I haven’t decided what I’m going to do with this clutch of cherry tomatoes. There’s enough for everyone to have one or two at dinner.
I harvested 1 lb 3 ounces of kale this morning. Actually, I washed and deveined the kale, then weighed it (minutes bowl weight), so we probably got a little more than that.
I’m going to portion it out into 3 ounce bricks, wrap them in plastic wrap, then freeze them. They defrost really quickly and make for an amazing accompaniment to any dinner. Kale + butter + miso paste.
This is our first harvest of cherry tomatoes–or any tomatoes–this year. They are sweet, round, and perfectly ripe. Happy End of July!
Last Thursday I started a single pint of lacto fermented green beans. Just water, salt, green beans, garlic + dill. It’s just sitting on our wire shelf, literally collecting dust. I could make a lot more lacto fermented green beans, but I don’t want to do up a whole bunch until I know that they’ll be good. Tonight I tasted them. They weren’t boozy at all and they weren’t flavorful either. They’re supposed to be done next Thursday. It’s a two week ferment.
In the mean time, we’re still harvesting more green beans, which are great for raw snacking. I also started another jar of lacto fermented green beans without garlic, just to see if the beans can make it on their own without a rock star in the jar.
I have quite a few lacto ferments going on right now. Fun project!
Welcome to our 2020 garden! Let’s take a tour, shall we? I’ll share some of my favorite garden spots.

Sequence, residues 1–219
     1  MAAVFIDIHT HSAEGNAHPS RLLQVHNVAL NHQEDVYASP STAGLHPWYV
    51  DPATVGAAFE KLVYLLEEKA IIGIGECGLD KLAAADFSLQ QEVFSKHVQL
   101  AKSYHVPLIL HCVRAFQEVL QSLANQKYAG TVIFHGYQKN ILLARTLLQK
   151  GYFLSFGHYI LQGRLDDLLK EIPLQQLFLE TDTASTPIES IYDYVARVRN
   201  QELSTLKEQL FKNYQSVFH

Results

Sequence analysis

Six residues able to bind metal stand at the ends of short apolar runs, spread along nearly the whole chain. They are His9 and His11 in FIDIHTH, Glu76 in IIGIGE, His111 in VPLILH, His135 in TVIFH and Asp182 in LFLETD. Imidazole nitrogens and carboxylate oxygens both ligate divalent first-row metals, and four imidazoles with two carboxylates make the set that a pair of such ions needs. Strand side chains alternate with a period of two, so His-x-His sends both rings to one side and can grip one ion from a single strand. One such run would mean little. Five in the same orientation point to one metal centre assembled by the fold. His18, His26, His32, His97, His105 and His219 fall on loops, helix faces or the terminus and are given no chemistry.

Today we got 6 ounces of the curly leafed kale and 12 ounces of the dinosaur kale.
I also did some maintenance on the tomatoes and saw four greenish-orange tomatoes, ready to be eaten this week!!
I transplanted six broccoli plants to take over as my pea plants die back. Heather transplanted a Vietnamese coriander plant.
I picked the first two gypsy peppers of the season.
I picked the first plum of the season. It will be a smaller crop this year, but that’s ok — we had way more than we needed last year!
We got our first cherry tomato of the season!
We also got a handful of green beans and a couple pounds (or so) of some variety of beet.
We picked our first ounce of beans today. 😉 The beans that were barely alive are now looking quite healthy and should produce a good crop. The first cucumber and pepper should be ready this week. My peas are almost done for the season. They weren’t nearly as productive as last year but still provided some good table fare. The chard and kale continue to produce like gangbusters.
Our neighbors’ field was cut and bailed over the past week. They generously gave us some bales for our sheep.
Our other neighbors have us three probably-fertilized turkey eggs, and one of our chickens is broody, so we’re letting her sit on them. It’ll be a couple more weeks before we find out if they hatch.